Big Three Networks Ignore Obama's Medal of Honor Screw-Up
Barack Obama's confusing one living American war hero with a fallen one he honored in 2009, has been completely ignored by the Big Three network newscasts, including the same NBC Nightly News that threw a fit over Sarah Palin's recent recounting of an event over 200 years ago, Paul Revere's ride.
On Thursday, at Fort Drum, New York, as reported by the Military Times, Obama told the 10th Mountain Division he had the privilege of meeting "a comrade of yours, Jared Monti" adding it was "the first person who I was able to award the Medal of Honor to who actually came back and wasn't receiving it posthumously." Turns out Monti did receive it posthumously, as Obama presented the award to his parents at a White House ceremony in 2009. After CBN inquired about the gaffe, White House Press Secretary Jay Carney clarified that the President had confused Monti with "Salvatore Giunta, who was the first living recipient of the Medal who served in Afghanistan."
This insensitive blunder by the President was not covered the Big Three Network evening news shows on Wednesday and received zero stories on Thursday's morning shows.
NBC Nightly News, which spent three straight nights mocking Palin on her Revere account, as reported by the MRC's Rich Noyes, ignored Obama's mistake, even as Jim Miklaszewski played clips from the very Fort Drum speech in which Obama made his screw-up. While CBS Evening News also covered Obama's event with the troops they too failed to report Obama's error.
On ABC's World News with Diane Sawyer there wasn't even a story on Obama at Fort Drum, but they did air bits of a David Muir interview with First Lady Michelle Obama which Sawyer teased this way: "And still ahead, right here on World News, the First Lady talks to David Muir, what she wants for her daughters when they fall in love."
The following are the relevant excerpts from the June 23 editions of the CBS Evening News, NBC Nightly News and ABC World News:
NBC Nightly News with Brian Williams
BRIAN WILLIAMS: Last night President Obama spelled out his plan for withdrawing 33,000 U.S. troops from Afghanistan, bringing them home by next summer. Today the President wasted on time. He hit the road to sell this plan, while back in Washington some of America's military brass weighed in on what they think of it. More tonight from our Pentagon correspondent Jim Miklaszewski.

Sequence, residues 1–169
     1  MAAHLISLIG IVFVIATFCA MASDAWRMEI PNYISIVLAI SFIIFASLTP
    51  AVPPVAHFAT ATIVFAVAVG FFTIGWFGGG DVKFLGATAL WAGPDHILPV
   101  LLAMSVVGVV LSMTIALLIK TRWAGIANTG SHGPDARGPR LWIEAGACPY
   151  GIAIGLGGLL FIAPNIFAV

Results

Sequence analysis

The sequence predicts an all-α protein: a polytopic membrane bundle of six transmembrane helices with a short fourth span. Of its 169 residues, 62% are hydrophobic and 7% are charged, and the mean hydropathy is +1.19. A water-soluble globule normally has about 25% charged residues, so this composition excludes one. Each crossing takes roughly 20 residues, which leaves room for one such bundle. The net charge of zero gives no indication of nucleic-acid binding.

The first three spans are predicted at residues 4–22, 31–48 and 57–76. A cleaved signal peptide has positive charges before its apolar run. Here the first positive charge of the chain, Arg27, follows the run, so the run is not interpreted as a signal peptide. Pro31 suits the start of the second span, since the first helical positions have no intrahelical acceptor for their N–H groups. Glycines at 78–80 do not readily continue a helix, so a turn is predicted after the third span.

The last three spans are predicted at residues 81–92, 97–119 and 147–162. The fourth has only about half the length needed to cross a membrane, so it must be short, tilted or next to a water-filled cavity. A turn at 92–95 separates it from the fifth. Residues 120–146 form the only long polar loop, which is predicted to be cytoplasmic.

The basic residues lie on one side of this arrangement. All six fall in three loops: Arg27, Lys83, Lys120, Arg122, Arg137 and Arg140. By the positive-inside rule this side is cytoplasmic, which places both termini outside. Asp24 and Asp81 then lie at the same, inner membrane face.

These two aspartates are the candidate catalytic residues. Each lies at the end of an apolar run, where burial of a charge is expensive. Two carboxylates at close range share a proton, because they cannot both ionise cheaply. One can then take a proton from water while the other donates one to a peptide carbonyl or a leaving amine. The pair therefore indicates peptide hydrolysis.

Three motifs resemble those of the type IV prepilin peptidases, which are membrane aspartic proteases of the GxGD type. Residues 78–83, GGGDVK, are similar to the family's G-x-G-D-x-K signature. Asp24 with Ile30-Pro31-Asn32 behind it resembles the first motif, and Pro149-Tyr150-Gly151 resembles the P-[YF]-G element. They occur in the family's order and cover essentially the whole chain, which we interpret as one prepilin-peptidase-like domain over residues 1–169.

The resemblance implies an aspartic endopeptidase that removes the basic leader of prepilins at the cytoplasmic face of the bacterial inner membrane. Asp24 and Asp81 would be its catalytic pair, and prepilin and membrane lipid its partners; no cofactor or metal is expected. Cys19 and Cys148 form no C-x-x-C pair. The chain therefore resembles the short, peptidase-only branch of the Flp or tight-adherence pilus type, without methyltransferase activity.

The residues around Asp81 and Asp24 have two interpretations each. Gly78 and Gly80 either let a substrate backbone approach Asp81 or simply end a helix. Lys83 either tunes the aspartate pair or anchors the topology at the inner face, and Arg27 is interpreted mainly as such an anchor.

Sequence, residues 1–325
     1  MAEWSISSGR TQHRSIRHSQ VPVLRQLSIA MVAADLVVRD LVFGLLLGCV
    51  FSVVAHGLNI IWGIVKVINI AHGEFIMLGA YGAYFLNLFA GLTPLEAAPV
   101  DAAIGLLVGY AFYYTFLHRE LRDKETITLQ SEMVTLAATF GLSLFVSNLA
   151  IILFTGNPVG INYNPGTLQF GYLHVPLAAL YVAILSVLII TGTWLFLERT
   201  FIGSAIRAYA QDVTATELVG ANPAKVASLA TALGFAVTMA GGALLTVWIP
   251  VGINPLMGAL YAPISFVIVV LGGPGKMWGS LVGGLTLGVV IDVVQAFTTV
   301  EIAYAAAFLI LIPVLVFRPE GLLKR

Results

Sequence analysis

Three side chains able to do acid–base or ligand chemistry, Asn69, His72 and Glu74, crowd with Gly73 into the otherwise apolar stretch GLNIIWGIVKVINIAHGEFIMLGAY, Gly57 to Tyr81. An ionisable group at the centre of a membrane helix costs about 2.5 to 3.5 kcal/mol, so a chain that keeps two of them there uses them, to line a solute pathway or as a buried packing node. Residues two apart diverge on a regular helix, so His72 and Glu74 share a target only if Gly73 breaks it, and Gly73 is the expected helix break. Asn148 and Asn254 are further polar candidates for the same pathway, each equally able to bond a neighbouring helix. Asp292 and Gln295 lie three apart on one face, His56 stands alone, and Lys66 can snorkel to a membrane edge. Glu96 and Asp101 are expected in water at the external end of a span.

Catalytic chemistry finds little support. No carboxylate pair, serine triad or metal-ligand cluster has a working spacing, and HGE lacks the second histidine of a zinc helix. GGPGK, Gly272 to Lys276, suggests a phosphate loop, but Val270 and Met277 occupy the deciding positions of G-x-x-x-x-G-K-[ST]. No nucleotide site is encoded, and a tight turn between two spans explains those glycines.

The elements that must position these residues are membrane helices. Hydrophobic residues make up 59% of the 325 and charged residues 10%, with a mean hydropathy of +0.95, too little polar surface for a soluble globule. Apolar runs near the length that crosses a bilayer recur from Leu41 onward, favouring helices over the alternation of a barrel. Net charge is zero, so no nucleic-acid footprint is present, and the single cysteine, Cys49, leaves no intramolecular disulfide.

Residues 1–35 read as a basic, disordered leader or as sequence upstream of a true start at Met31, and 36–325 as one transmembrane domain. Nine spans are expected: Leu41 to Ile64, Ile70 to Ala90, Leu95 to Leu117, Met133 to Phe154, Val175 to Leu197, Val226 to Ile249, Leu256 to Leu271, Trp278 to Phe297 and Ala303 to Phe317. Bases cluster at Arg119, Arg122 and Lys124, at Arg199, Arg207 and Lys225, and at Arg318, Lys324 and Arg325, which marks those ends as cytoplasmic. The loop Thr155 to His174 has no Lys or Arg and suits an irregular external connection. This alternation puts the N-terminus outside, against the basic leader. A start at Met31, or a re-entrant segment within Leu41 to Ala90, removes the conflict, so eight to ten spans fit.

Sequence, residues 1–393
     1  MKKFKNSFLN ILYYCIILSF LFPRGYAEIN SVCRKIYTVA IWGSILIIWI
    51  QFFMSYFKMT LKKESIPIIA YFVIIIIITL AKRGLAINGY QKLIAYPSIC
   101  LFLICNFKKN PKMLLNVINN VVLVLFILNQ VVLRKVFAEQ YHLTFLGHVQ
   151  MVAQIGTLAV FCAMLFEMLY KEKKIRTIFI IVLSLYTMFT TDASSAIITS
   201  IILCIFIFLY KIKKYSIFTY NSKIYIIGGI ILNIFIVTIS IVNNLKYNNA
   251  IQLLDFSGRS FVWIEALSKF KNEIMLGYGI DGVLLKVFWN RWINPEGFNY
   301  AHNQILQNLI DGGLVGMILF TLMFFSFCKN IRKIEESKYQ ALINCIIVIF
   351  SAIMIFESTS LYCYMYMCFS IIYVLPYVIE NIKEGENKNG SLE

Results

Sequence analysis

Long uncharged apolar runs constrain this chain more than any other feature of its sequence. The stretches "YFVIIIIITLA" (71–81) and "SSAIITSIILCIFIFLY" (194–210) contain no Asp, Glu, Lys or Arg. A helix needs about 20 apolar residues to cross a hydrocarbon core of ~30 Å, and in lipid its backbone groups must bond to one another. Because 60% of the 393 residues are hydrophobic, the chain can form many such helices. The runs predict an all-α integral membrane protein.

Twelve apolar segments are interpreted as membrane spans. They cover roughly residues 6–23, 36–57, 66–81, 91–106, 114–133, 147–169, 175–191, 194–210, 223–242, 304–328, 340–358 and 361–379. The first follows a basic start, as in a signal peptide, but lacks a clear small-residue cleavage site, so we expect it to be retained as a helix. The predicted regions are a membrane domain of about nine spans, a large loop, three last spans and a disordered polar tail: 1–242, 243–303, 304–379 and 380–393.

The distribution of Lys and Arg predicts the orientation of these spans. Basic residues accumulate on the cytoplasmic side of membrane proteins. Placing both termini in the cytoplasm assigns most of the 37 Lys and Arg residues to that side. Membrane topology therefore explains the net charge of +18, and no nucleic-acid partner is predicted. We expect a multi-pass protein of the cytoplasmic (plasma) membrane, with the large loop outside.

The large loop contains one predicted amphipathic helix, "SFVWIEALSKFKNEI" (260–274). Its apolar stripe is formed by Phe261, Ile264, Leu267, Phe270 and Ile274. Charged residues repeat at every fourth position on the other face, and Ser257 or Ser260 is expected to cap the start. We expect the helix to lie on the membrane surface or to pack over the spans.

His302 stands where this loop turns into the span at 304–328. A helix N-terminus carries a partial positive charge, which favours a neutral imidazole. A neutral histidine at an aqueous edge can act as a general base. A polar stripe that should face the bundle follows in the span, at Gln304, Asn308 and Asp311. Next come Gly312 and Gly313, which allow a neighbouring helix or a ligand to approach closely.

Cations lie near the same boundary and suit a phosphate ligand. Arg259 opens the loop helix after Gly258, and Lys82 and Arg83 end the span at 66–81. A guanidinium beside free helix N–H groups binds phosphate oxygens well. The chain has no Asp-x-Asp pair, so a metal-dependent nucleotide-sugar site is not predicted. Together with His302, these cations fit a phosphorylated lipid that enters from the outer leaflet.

BARACK OBAMA ENTERING ROOM: At ease everybody.
JIM MIKLASZEWSKI: President Obama took his new strategy today to the Army's 10th Mountain Division at Fort Drum, New York.
OBAMA: Thank you everybody.
MIKLASZEWSKI: The division which led the surge of 33,000 additional forces into Afghanistan. The President tried to assure these soldiers that his plan to now begin withdrawing U.S. troops would not put them or the gains they fought for, at additional risk.
OBAMA: To all of you who are potentially gonna be redeployed, just know that your commander-in-chief has your back.
CBS Evening News with Scott Pelley
SCOTT PELLEY: President Obama said today the withdrawal from Afghanistan will not mean giving up the gains that America has fought for. He was speaking to some of the men and women who have fought the most at Fort Drum. Combat brigades from the 10th Mountain Division had deployed to Iraq and Afghanistan 16 times in the 10 years. At this historic turning point in the war we asked Mandy Clark what the troops in Afghanistan are saying and she found them at the hospital at the Bagram Airbase - the first stop for wounded warriors on a long trip home.
ABC World News With Diane Sawyer
DIANE SAWYER: And still ahead, right here on World News, the First Lady talks to David Muir, what she wants for her daughters when they fall in love.
DAVID MUIR: All of the children here, when you walk into a room their faces light up and back home we see the same thing, all of your work with children. And I'm curious, politics aside, if I could ask you personally if you would like another four years to continue your work as First Lady?
- Geoffrey Dickens is the Deputy Research Director at the Media Research Center. Click here to follow Geoffrey Dickens on Twitter.